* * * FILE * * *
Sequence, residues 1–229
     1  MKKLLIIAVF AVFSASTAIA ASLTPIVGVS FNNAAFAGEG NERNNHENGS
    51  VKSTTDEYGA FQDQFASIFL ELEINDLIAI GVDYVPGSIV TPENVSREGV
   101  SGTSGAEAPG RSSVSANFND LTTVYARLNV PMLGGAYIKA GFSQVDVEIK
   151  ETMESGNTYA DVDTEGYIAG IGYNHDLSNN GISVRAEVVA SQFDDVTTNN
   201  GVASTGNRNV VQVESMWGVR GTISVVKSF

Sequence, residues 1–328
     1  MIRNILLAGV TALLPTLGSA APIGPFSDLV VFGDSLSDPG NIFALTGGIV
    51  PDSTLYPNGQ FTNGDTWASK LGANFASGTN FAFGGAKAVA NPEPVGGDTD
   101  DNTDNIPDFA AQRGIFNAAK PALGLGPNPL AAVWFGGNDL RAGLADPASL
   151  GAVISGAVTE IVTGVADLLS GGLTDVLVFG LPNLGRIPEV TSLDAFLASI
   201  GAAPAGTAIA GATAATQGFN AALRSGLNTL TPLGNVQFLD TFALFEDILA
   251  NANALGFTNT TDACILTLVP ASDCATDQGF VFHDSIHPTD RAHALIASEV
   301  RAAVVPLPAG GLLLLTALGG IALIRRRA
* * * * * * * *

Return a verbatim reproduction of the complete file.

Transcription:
Sequence, residues 1–229
     1  MKKLLIIAVF AVFSASTAIA ASLTPIVGVS FNNAAFAGEG NERNNHENGS
    51  VKSTTDEYGA FQDQFASIFL ELEINDLIAI GVDYVPGSIV TPENVSREGV
   101  SGTSGAEAPG RSSVSANFND LTTVYARLNV PMLGGAYIKA GFSQVDVEIK
   151  ETMESGNTYA DVDTEGYIAG IGYNHDLSNN GISVRAEVVA SQFDDVTTNN
   201  GVASTGNRNV VQVESMWGVR GTISVVKSF

Sequence, residues 1–328
     1  MIRNILLAGV TALLPTLGSA APIGPFSDLV VFGDSLSDPG NIFALTGGIV
    51  PDSTLYPNGQ FTNGDTWASK LGANFASGTN FAFGGAKAVA NPEPVGGDTD
   101  DNTDNIPDFA AQRGIFNAAK PALGLGPNPL AAVWFGGNDL RAGLADPASL
   151  GAVISGAVTE IVTGVADLLS GGLTDVLVFG LPNLGRIPEV TSLDAFLASI
   201  GAAPAGTAIA GATAATQGFN AALRSGLNTL TPLGNVQFLD TFALFEDILA
   251  NANALGFTNT TDACILTLVP ASDCATDQGF VFHDSIHPTD RAHALIASEV
   301  RAAVVPLPAG GLLLLTALGG IALIRRRA